With the industrial and technological developments in India during the twentieth century, rivers have been trained for flood moderation, hydroelectrity generation and irrigation ignoring the traditional knowledge and practices for management of the rivers as followed by our predecessors. As a result the rivers are all in dire straits with flows sapped and highly polluted. The Thames and Danube are the two rivers internationally known for successful clean-up programs setting a model. Ganga , too, is one of the most endangered rivers in the world. A long list of east and west flowing rivers in India are in death trap due to damming, embanking, heavy siltation, overallocation of river waters for unscheduled purposes and choked by discharge of untreated municipal and industrial sewage waters into the rivers. A river needs a minimum flow or environmental flow in the channel to survive. It recharges groundwater apart from supporting flora and fauna, and in turn groundwater sustains lean month flows in the rivers. Groundwater is key to rejuvenation of rivers turning dead rivers alive with perennial flows. It is necessary to raise awareness of the society of the impending perils, mobilizing the community into remedial actions. The project taken up by the Art of Living International for regeneration of Kumudvathi through community driven water conservation and rainwater harvesting presents a prototype model for other river basins, too, combining science with community participation.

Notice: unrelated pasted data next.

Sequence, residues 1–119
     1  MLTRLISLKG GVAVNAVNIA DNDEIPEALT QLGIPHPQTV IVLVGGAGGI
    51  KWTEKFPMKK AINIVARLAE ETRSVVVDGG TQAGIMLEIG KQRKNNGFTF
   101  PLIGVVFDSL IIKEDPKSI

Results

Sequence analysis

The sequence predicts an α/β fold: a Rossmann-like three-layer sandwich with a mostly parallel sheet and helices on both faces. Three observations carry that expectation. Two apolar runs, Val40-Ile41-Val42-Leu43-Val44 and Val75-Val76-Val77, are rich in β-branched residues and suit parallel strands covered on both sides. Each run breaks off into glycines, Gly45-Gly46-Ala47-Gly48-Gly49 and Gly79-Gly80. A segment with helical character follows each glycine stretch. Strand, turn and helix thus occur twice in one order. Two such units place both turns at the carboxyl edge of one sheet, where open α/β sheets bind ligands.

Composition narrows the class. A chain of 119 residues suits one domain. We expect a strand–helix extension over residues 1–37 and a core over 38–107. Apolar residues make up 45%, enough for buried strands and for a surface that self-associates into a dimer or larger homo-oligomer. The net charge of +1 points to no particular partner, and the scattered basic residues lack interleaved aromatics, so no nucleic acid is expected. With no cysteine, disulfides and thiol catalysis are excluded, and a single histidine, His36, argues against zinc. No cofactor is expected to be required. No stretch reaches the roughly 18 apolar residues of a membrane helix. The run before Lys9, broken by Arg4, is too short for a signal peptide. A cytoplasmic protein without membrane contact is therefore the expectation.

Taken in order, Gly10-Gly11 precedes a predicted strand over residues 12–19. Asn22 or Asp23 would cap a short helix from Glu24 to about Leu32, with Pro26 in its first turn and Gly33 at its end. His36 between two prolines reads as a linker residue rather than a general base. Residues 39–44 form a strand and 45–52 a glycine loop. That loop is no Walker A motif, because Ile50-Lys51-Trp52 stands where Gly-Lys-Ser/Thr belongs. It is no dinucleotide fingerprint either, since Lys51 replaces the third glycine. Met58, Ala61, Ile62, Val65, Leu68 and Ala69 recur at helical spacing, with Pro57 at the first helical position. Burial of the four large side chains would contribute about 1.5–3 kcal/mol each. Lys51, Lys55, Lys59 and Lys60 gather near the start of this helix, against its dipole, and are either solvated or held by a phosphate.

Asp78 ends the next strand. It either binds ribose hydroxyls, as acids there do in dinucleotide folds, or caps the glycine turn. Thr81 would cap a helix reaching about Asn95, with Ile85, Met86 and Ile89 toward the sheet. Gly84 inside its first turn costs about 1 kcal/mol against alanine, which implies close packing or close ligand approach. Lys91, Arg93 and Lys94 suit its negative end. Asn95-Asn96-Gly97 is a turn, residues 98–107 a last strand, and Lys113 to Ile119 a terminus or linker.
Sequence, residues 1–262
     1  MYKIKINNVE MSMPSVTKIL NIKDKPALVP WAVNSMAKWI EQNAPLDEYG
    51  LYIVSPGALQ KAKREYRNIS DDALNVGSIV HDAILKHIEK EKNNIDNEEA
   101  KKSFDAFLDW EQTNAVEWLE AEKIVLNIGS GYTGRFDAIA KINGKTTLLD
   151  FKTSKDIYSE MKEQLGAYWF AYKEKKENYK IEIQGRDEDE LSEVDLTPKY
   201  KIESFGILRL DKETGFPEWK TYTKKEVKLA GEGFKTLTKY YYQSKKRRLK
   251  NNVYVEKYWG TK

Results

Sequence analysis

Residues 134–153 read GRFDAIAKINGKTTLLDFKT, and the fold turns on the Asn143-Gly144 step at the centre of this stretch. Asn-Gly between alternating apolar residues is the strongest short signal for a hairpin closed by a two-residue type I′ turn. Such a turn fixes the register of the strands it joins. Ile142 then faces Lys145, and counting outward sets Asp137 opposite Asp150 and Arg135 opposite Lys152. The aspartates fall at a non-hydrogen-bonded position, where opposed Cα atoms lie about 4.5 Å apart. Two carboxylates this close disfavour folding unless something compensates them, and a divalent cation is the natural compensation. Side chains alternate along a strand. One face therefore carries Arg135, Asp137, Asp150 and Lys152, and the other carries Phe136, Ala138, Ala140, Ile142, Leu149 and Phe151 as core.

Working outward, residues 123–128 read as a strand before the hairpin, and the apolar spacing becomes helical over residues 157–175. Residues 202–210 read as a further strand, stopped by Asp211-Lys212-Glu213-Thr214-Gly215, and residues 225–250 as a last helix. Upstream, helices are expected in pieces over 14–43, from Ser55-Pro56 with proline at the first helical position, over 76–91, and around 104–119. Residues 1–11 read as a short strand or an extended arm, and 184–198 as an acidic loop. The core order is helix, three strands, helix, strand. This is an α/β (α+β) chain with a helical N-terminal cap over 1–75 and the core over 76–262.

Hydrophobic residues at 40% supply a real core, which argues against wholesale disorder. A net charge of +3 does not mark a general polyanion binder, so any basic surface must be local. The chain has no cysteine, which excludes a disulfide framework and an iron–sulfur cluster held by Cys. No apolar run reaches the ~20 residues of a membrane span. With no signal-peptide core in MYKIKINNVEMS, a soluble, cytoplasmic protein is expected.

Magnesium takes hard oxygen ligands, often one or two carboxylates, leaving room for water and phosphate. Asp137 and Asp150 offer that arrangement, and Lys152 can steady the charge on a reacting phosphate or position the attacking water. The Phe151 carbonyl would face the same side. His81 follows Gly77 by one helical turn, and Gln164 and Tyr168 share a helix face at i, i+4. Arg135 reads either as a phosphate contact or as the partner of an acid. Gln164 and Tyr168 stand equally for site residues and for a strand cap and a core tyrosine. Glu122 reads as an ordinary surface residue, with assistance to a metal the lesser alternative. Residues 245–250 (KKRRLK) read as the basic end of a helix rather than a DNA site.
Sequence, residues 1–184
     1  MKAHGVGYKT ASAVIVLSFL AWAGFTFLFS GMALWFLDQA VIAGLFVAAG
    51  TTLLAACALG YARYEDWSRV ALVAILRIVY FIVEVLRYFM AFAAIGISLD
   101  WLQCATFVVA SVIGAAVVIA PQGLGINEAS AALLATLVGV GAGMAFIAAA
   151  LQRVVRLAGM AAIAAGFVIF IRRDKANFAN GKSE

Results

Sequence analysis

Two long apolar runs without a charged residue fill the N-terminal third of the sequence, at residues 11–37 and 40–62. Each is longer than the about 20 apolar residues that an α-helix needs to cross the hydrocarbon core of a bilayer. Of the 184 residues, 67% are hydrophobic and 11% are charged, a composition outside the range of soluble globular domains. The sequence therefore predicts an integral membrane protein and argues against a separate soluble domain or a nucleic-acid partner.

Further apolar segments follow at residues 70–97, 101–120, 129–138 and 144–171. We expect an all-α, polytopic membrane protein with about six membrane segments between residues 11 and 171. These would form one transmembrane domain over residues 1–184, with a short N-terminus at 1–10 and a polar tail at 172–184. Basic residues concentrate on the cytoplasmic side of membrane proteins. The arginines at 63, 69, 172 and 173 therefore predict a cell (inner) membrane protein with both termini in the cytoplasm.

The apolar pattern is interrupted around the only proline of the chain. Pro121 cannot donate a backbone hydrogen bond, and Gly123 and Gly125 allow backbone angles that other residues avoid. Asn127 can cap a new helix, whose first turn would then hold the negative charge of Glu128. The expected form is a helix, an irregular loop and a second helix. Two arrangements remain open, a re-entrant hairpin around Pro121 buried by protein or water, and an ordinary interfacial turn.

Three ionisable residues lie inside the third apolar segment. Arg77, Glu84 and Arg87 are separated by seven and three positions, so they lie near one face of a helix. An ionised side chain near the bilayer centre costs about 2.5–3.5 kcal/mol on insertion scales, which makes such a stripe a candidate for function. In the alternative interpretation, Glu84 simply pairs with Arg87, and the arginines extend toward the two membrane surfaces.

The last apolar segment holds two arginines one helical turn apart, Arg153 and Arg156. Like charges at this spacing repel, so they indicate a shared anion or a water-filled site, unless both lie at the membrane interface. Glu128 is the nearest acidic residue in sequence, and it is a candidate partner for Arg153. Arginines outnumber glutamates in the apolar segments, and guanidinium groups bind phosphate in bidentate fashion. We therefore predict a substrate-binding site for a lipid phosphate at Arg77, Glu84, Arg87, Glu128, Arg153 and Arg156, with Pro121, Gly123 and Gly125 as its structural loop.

Acceleration of Hydrological Cycle: Evidences from the River Basins of Kerala

SKU: C-165451